But you can see the problem, right? The triangulation depends on the angular size of the drawing and so does the distance to the objects. It looks like a dead end. But it’s not. Actually, you have enough information to math-it-out if you try (and boy did I try).

I’ll be honest. I worked on this problem for quite some time. Here is one of my earlier sketches for this calculation.

But yes, it does involve some trig.

Hot wire a car

Everyone wants to steal a car. Honestly, modern cars are fairly difficult to just take. There are four or three (depending on how you count) different classes of cars. Let me list them.

  • Super old cars. These have a key that starts the car. That’s it. You can steal these—BUT YOU SHOULD NOT STEAL CARS.
  • Just plain old cars. These are like super old cars, but they have a steering wheel lock. Sure, you can hot wire these—but you can’t turn the steering wheel.
  • Modern cars. I think it’s cars after 1997. These cars have a chip in the key. No chip, no start. Well, you might be able to start it but the car’s computer won’t pump fuel or something like this.
  • Even more modern. What about those cars with the key fob and you don’t even put the key in the car? You can’t really hot wire those either.

But check it out. This guy has a great video that goes over the different types of cars and how thieves would steal them (but don’t steal cars).

So, in this case MacGyver hot wires a car. It looks like an older model—so it’s at least plausible. What about the steering wheel lock? Maybe he just yanked on the steering wheel really hard and broke the steering wheel lock.

Cleaning bottle bolo

This is pretty straight forward. MacGyver uses a string to tie two bottles of cleaning solution together. He then swings these around and throws them at a baddies legs. The thing is a bolo. It wraps up his legs and he falls like an AT-AT on Hoth (but a lot faster).

Trip wire fan

MacGyver runs a fishing wire in a hallway and then back to the room. The wire then connects to the switch in an electrical fan. When someone steps on the fishing line, it connects the switch inside the fan and turns it on.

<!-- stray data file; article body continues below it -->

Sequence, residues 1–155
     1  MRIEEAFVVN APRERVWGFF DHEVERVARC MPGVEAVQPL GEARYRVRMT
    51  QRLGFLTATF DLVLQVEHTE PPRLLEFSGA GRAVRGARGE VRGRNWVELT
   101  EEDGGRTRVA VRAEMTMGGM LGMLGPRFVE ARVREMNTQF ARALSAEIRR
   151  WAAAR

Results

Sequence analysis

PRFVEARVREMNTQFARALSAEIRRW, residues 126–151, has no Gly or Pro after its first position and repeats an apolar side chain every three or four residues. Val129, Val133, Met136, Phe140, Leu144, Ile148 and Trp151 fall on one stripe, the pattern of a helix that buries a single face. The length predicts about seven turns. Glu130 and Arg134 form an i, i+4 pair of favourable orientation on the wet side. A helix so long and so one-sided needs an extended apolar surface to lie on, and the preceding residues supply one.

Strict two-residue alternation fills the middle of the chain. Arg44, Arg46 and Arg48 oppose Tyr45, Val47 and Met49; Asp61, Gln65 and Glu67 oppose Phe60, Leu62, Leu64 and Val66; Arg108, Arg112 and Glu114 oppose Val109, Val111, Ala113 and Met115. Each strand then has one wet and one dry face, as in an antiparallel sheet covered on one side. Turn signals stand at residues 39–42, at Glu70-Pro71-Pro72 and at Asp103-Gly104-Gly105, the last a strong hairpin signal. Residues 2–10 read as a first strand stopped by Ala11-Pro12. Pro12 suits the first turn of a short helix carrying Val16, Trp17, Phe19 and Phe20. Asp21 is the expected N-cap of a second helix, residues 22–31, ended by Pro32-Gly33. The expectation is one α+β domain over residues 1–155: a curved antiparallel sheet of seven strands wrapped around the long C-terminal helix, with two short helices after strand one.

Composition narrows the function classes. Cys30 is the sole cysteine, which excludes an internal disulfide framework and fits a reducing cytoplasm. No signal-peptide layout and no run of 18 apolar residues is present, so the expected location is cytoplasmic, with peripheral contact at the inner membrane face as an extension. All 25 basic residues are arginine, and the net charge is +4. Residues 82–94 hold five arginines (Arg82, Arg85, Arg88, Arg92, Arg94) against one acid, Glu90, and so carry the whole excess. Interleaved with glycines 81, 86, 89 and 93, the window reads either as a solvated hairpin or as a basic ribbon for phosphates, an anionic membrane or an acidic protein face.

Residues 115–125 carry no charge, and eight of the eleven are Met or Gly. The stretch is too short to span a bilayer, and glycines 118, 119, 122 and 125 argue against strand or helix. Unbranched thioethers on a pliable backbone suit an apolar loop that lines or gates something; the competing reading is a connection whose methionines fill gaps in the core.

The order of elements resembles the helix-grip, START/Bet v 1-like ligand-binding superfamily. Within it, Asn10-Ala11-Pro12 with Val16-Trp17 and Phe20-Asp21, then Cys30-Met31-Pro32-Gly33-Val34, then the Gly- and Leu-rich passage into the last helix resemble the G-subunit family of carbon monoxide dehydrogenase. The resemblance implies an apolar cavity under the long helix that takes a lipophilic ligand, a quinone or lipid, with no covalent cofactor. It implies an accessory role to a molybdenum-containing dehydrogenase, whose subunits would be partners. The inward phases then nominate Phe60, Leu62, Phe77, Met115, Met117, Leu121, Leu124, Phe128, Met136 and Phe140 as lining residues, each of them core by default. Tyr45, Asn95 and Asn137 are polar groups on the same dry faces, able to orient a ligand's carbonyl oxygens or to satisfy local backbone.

This should work.

Bump key

The bump key is a tool used to pick locks. The main goal in lock picking is to move lock pins up out of the lock cylinder so that you can turn the key. Here is a better explanation (I’m not really an expert here).

Light explosion

How do you make a distraction in a parking garage? One way might be to jam a charger for an electric car into a power box for the overhead lights. That’s what MacGyver did.

Would this work? It’s possible. Most car chargers run at 220-240 volts, but most overhead lights are fluorescent lights that expect 120 volts. If you double the voltage, then bad things can happen.

Basically, there is an electrical ballast inside the fluorescent light. This is a transformer that takes the 120 volts and ramps it up much higher (depending on the length of the tube) so that you can make light. If the voltage is too high, the ballast could go boom.

MacGyver Season 3 Episode 14 Science Notes: Father + Bride + Betrayal

Hotel door break in with a coat hanger

MacGyver uses a series of coat hanger wires to build a device that opens a hotel door from the inside. It’s basically a long wire that goes under the door and pulls down on the handle from the inside. Here is a video of what that looks like.